3. Cherry tomatoes

Sweet, delicious, freshly picked cherry tomatoes – who can say no to that? You do need a slightly larger planter for tomatoes and should consider one that’s at least 10 inches in diameter, but if you have the space on your balcony, go for it. Find a sunny spot for the tomato plant, and make sure you also have a stake to support it as it grows.

Cherry tomatoes keep making fruits well into the autumn and, if you move them indoors before frost sets in, you will get an extra couple of months of fresh tomatoes out of them.

4. Leafy greens

Leafy greens are a good option if you have a balcony large enough for a box planter. Leafy greens thrive in the shade, so you can place them closer to the floor, where there’s usually less sunlight. You can plant lettuce, spinach, arugula, watercress, and so on. They need to be kept damp, so make sure you water them regularly.

5. Strawberries

Strawberries can be grown in hanging baskets or in regular planters, and they are a truly rewarding plant to keep on your balcony. One of the best varieties for small containers are alpine strawberries, as the plant is vigorous and has a very long fruiting season, throughout the entire summer. The fruits are small, but extremely sweet and flavorful.

6. Geraniums

Geraniums are the ideal flowers for beginner gardeners – it’s almost impossible to kill one, and you’ll be rewarded by their colorful flowers the entire summer season and late into the autumn, until frost sets in.

7. Petunias

Petunias come in a huge variety of colors and sizes, have an exuberant, perpetual flowering season, and look amazing in hanging planters. Petunias are happy-go-lucky plants that also don’t need a lot of care, just regular watering and some fertilizer from time to time, to support blooming.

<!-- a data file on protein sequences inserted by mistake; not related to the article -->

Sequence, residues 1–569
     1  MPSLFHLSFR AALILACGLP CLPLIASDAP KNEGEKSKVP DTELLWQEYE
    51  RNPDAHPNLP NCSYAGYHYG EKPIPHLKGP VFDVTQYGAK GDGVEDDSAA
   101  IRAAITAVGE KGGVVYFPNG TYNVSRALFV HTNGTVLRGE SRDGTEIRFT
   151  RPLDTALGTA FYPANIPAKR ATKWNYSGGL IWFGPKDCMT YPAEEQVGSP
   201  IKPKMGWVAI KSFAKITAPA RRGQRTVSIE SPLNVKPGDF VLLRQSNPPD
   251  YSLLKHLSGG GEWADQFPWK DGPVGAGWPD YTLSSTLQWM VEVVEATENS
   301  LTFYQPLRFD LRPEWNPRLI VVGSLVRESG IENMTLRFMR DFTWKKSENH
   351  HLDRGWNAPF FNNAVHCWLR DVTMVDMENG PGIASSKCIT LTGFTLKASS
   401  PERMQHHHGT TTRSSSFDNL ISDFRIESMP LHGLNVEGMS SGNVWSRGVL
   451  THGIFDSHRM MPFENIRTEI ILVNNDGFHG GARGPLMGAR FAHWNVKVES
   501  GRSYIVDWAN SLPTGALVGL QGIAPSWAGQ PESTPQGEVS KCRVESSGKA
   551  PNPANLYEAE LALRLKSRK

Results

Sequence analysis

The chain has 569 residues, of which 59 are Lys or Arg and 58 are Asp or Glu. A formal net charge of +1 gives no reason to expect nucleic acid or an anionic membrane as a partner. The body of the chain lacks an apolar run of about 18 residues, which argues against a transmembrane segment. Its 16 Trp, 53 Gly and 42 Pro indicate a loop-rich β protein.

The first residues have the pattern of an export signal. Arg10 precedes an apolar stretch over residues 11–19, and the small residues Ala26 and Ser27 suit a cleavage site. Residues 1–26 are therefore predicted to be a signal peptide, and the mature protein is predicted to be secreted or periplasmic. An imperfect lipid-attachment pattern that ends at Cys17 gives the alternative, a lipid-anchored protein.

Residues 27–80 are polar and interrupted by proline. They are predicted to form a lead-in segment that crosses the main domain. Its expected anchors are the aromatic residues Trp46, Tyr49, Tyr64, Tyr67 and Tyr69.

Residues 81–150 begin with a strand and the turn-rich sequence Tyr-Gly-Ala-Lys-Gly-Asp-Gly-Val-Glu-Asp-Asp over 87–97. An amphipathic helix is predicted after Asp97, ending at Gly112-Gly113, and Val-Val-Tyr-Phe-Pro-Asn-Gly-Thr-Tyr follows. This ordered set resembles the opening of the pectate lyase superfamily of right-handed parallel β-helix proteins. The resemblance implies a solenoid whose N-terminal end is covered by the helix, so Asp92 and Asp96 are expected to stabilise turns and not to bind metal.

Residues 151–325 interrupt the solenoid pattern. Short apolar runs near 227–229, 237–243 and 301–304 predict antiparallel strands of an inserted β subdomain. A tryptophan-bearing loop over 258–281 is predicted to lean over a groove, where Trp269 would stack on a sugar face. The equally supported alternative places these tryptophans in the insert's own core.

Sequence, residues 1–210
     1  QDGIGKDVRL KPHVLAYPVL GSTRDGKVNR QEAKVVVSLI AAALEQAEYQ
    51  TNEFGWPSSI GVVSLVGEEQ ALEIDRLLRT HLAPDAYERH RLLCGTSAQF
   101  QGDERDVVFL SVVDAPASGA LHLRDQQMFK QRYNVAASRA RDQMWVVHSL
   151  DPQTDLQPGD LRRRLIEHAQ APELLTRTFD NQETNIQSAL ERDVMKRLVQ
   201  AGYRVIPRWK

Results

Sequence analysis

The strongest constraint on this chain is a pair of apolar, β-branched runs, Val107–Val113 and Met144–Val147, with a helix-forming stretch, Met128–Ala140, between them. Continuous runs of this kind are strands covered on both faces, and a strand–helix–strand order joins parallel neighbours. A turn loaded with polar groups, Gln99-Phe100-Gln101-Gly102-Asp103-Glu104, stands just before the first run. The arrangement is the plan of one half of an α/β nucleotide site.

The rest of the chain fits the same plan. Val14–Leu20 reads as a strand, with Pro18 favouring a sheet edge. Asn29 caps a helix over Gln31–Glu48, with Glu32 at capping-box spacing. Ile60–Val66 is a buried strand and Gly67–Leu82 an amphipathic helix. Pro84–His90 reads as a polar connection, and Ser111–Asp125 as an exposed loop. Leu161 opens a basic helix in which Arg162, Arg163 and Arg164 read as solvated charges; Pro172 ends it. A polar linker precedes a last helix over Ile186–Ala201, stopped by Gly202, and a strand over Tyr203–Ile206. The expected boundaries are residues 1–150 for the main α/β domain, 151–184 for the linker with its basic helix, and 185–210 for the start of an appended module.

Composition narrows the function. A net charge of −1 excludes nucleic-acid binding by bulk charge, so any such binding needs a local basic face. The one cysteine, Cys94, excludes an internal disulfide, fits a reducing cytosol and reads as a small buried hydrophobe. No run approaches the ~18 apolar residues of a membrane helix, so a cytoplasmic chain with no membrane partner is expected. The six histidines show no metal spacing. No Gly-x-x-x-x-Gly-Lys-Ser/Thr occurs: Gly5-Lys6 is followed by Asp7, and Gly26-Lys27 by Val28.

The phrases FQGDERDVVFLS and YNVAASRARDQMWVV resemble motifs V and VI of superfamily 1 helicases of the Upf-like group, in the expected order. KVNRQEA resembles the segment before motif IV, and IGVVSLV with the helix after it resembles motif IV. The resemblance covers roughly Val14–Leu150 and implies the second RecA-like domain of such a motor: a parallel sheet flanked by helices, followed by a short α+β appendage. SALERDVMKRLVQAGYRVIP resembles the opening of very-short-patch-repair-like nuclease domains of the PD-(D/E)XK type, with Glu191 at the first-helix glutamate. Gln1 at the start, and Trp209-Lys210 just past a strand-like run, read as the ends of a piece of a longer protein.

8. Marigolds

With their deep shades of yellow, orange and chestnut, marigolds are a great option for balconies. They are renowned for deterring plant fleas and other pests, so it’s a good idea to put them next to other, more delicate crops, such as tomatoes, for example.

9. Pansies

Pansies are sweet scented, very colorful, and don’t need large planters. They grow best in partial shade, so even if you have a balcony that’s north or west oriented, you can still enjoy gorgeous flowers.

10. Begonias

Begonias are very fast growers and are available in an assortment of colors, from white to shades of yellow, orange, and red, allowing you to create beautiful arrangements on your balcony railings or in a larger planter. They don’t need a lot of water and prefer locations that provide both sun and shade throughout the day. Begonias are sensitive to cold, though, so don’t plant them until you’re certain that spring frosts are gone.

Do you have any other favorite plants you love to grow on your balcony? Let us know in the comments!

Author

Maria Gatea is a creative writer for STORAGECafé with a background in Journalism and Communication. After covering business and finance-related topics as a freelance writer for 15 years, she is now focusing on researching and writing about the self-storage industry. You may contact Maria via email.